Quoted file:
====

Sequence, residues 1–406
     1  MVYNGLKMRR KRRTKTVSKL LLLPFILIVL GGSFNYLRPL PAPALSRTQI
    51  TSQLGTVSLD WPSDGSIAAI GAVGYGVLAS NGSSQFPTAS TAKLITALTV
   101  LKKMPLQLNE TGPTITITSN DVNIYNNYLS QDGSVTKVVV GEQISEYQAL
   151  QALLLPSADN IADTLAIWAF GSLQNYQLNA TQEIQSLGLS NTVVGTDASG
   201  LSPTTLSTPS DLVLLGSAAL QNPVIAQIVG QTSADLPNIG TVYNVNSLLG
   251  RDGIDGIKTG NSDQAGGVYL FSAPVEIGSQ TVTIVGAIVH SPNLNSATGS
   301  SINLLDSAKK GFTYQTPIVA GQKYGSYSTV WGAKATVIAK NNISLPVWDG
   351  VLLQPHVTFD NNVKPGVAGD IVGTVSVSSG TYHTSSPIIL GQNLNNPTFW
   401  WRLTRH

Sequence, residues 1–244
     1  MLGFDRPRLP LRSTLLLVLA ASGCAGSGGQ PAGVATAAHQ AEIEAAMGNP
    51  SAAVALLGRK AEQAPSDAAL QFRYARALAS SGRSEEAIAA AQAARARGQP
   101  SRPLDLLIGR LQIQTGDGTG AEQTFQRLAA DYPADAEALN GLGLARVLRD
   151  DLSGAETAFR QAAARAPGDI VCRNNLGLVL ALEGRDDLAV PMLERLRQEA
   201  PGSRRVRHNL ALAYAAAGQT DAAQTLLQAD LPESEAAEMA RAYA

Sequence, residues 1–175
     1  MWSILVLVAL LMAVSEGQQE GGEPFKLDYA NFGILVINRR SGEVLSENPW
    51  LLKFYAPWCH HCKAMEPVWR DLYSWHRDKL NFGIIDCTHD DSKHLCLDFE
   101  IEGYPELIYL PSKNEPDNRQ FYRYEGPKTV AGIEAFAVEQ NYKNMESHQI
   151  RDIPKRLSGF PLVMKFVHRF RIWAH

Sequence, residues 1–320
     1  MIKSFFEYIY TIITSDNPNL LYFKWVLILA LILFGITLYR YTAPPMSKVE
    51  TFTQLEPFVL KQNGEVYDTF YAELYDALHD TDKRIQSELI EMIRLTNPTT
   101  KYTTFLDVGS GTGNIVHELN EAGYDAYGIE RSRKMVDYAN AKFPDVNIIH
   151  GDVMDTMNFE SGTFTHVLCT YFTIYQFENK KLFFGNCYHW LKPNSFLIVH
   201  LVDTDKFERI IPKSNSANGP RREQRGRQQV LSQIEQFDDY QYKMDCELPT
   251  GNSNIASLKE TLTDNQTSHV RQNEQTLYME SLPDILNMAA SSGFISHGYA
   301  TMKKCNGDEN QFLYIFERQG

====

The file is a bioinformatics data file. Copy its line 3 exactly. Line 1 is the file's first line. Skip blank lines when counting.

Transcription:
    51  TSQLGTVSLD WPSDGSIAAI GAVGYGVLAS NGSSQFPTAS TAKLITALTV